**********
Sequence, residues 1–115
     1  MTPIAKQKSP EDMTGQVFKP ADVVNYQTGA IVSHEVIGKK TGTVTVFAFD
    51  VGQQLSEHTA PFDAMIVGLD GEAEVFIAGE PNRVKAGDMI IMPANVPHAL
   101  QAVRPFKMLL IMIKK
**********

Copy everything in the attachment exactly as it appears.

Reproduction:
Sequence, residues 1–115
     1  MTPIAKQKSP EDMTGQVFKP ADVVNYQTGA IVSHEVIGKK TGTVTVFAFD
    51  VGQQLSEHTA PFDAMIVGLD GEAEVFIAGE PNRVKAGDMI IMPANVPHAL
   101  QAVRPFKMLL IMIKK